The way that form of “skilled play” gets held up as an ideal is one of the things I really dislike about OSR-style play. I don’t think that the game should be about cleverly avoiding rolling skills or scores just because they’re terrible. It’s an overreaction to a particular style of adjudicating skills that people associate with 3e+ D&D, and thus must be “bad”. I’m more of the fan of the Alexandrian’s approach: player skill unlocks character skill. You have to search the right place to get to make a skill check, but you don’t have to be exceptionally precise about it. If you are, then I see no reason not to give the player the thing they found, but if not, they still get to make a roll.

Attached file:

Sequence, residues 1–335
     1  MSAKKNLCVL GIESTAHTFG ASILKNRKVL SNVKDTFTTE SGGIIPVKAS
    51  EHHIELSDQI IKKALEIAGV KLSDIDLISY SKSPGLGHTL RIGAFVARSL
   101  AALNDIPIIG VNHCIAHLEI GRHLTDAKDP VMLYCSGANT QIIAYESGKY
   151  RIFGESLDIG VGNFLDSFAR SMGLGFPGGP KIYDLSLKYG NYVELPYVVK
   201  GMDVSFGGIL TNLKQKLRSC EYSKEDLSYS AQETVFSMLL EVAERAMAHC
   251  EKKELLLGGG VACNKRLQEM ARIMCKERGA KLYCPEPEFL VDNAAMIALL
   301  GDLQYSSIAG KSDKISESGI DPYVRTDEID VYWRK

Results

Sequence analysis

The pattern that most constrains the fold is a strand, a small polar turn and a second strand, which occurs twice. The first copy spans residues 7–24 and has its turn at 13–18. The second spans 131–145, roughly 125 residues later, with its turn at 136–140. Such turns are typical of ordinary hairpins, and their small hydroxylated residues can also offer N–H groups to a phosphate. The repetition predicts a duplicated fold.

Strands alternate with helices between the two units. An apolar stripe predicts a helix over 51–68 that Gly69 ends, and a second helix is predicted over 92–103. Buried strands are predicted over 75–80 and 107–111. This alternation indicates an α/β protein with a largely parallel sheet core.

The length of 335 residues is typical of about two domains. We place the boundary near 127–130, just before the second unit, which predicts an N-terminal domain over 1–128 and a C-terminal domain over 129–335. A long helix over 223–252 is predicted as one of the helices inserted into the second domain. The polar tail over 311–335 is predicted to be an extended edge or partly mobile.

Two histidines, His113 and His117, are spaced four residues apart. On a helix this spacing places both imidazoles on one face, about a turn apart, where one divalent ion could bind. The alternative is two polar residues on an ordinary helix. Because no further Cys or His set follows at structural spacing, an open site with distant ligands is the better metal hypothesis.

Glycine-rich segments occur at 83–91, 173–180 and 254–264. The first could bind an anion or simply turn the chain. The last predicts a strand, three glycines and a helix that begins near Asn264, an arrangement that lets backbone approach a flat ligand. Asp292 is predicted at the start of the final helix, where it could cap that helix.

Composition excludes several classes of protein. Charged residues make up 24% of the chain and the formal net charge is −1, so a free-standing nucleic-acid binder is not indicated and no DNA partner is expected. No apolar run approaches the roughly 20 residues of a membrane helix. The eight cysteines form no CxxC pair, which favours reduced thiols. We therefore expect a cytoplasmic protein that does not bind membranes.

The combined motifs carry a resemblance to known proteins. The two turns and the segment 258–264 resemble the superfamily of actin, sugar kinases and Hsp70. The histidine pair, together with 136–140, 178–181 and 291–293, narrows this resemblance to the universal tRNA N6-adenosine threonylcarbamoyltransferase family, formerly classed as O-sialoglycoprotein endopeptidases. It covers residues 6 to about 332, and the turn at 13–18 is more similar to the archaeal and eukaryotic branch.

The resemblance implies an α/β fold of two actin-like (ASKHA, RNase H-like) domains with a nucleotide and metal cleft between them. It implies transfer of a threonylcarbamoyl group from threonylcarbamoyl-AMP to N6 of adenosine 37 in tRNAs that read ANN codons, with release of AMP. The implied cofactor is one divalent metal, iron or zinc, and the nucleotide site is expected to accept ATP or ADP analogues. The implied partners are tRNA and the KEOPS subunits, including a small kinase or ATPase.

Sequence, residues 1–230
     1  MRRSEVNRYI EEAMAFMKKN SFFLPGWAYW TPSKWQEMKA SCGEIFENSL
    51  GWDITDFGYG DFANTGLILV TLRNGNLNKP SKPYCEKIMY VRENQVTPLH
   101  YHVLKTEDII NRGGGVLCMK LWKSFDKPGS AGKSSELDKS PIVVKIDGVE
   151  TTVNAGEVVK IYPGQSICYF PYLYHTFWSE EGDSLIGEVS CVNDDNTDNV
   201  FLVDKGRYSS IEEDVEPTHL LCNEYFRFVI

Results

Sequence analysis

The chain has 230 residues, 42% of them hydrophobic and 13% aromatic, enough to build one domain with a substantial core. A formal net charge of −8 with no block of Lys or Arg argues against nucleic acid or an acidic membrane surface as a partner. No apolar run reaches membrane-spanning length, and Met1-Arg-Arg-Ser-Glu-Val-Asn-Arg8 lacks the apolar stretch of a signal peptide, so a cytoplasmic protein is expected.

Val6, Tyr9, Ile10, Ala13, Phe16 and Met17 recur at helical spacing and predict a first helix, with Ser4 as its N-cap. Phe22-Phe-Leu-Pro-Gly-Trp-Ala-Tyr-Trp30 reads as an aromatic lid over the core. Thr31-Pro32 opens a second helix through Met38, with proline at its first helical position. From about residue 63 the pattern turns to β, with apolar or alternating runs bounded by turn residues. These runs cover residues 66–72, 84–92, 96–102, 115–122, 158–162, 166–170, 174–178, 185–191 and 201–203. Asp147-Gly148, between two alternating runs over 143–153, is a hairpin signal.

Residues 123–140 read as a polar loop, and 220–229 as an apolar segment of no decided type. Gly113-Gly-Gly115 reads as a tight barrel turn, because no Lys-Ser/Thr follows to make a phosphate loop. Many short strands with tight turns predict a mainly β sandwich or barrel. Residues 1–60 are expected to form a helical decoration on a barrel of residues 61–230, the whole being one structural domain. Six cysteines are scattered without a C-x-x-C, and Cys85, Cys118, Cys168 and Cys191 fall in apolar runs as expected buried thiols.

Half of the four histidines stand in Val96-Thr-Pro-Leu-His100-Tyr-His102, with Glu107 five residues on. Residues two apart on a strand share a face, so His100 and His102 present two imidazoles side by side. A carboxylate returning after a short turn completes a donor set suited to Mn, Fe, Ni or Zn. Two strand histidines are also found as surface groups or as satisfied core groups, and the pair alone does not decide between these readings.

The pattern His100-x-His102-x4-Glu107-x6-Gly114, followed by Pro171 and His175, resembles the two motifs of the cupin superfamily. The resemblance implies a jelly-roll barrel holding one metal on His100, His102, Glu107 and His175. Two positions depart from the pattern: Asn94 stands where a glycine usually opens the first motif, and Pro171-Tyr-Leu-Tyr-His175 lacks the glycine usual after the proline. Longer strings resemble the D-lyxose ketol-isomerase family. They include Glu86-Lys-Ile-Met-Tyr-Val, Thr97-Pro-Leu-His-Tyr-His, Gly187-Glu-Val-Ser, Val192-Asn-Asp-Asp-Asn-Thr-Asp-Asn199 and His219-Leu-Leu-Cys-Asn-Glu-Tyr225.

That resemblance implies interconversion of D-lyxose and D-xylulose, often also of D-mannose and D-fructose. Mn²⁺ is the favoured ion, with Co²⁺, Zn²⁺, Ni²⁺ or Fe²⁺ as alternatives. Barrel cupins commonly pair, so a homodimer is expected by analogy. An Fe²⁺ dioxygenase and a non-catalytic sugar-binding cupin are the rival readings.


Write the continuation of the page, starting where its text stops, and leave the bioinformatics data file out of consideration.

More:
Honestly, the examples I've seen seem to often resent there being anything but coarse physical skills at all. The fact that OD&D and early AD&D effectively let you pull off anything you could sell your GM on doesn't seem a great virtue to me, though I think your other post addresses a failure of the application of skill systems that may have reinforced the attitude (i.e. some applications of a lot of skills should be such that they're pretty easy for anyone to do. If you still resent having to roll for it, well, that's part of the gig of a big linear die roll system.)